Bloomberg’s 5 Strategic Blunders

From Guns.com comes this excellent piece regarding Bloomberg’s recent announcement. Here’s the quick summary and some commentary:

1. New name, same stink
You can’t polish a turd. In other words, they can call it whatever they like, but as long as Bloomberg is at the helm of the organization they’re going to encounter heavy opposition to their cause.

I genuinely think he doesn’t get that outside of the Northeast and anti-gun places like Chicago, people aren’t so keen on him. Pretty much nobody likes out-of-town billionaires telling them how they should do things.

2. Timing is everything
If it’s true that timing is everything, then one has to question why Everytown chose to announce this move approximately two weeks before the National Rifle Association’s annual show and convention, which is the gun lobby’s one weekend during the year in which they are certain to garner mainstream media coverage and reach millions of Americans.

Yeah, that’s weird.

3. The real objective to background checks
Various polls show that there is widespread public support for universal background checks yet many gun owners are opposed to a law mandating them. Why is this?

The reason gun owners object to universal background checks is not over the notion that private transfers shouldn’t be subject to background checks, but over the implementation of the measures lawmakers proposed.

The article goes on to suggest that rather than mandating that all purchases go through an FFL, where a record of sale is kept, private individuals should have access to NICS (or at least a basic version that says “Proceed” or “Consult FFL”) in the form of a smartphone app or something otherwise easily accessible. They also mention a useful thing that’s often overlooked: having the app be able to save and print out a receipt/record of sale, so the seller could have a record Just In Case.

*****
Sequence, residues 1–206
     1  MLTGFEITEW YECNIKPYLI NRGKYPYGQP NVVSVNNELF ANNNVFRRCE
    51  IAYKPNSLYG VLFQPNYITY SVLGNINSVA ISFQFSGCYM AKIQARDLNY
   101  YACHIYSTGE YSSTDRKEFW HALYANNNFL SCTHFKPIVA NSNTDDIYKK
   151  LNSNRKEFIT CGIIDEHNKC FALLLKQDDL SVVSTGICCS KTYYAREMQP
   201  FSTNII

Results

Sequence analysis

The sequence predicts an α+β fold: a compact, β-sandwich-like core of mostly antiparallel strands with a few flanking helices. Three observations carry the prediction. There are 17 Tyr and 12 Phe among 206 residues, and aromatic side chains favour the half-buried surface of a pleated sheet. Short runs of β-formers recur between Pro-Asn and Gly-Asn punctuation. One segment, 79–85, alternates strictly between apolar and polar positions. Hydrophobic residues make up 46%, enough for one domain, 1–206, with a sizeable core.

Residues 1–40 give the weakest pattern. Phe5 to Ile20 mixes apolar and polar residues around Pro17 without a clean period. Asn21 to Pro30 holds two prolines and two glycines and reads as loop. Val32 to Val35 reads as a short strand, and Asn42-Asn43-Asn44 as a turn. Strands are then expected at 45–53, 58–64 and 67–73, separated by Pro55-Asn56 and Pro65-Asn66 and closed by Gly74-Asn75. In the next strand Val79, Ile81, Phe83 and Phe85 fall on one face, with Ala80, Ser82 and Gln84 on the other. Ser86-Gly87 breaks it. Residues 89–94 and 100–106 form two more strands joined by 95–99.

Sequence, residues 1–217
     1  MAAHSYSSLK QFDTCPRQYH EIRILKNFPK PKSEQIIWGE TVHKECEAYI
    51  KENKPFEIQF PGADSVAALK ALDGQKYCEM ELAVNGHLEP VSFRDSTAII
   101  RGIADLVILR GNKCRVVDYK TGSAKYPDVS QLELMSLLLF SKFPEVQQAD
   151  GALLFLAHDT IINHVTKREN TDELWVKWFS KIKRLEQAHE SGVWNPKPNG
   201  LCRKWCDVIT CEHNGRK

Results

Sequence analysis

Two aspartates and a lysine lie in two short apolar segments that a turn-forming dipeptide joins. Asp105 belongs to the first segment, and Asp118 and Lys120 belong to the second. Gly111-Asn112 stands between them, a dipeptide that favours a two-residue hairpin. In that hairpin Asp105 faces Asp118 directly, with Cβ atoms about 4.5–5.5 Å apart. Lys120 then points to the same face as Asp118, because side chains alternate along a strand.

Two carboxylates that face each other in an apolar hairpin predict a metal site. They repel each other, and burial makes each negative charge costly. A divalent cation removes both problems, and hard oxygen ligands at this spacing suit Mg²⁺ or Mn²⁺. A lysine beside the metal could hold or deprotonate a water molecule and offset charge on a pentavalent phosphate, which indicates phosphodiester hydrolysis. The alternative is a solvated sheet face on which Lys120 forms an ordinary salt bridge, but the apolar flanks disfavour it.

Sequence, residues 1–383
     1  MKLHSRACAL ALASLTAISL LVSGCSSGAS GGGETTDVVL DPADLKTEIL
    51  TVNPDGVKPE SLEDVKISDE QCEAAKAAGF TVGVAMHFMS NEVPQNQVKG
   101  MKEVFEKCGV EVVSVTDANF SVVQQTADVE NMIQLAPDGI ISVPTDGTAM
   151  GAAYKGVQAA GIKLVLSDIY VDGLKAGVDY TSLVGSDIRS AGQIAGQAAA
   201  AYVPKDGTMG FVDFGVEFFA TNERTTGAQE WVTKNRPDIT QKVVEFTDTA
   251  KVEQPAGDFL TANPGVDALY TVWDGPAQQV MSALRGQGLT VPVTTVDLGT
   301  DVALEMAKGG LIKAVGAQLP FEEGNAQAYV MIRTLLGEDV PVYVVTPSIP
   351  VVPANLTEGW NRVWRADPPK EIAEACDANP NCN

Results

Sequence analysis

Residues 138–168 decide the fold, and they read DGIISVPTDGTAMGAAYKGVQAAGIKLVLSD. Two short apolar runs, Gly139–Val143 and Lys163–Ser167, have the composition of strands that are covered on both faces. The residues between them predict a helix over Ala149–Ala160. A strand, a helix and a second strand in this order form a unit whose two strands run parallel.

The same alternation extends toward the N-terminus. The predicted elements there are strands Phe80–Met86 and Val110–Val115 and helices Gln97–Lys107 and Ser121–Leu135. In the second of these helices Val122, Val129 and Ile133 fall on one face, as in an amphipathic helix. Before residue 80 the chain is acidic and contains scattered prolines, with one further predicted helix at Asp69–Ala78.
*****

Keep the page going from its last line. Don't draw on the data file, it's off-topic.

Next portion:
I, for one, would be totally fine with a law opening up NICS as an option for private sellers, so long as (a) it’s optional and (b) that’s all the law does. No registration, no data retention, no mandated FFL transfers, etc.

If I’m going to sell a gun to a buddy I’ve known since I was a kid, there’s no need for me to do a NICS check — I know he’s good, but if I were to sell to someone from Armslist, someone who responded to a classifieds ad, or someone I met at the range it’d be nice to check to make sure they’re not a prohibited person. Criminals will, as usual, simply ignore the law so it makes no sense to mandate the checks.

4. Why go to war, when compromise is possible?
It appears that Everytown is gearing up for war when it’s quite possible that they could have cut a deal with gun owners and saved Bloomberg millions of dollars.

Suppose [...] Bloomberg’s being sincere in his remarks1, I bet most gun owners would readily sign a deal that established national, ‘shall-issue’ concealed carry reciprocity laws in all 50 states and created a federal law banning bans [AZR: emphasis mine] on ‘assault weapons’ and ‘high capacity’ magazines in exchange for an improved background check system, tougher laws cracking down on domestic abusers and increased funding for suicide prevention and the safe storage of firearms.

Easy: For Bloomberg it’s not about the guns, it’s about control. He doesn’t want a deal, he wants to win. If he actually gave a damn about increasing public safety there’s about a zillion other things he could with $50 million that would be enormously more effective.

Lest anyone think his “nobody is going to take anyone’s gun” remarks are sincere, look at the history of gun control activists: they always say they don’t want to take anyone’s guns, then they ratchet the restrictions tighter when they can.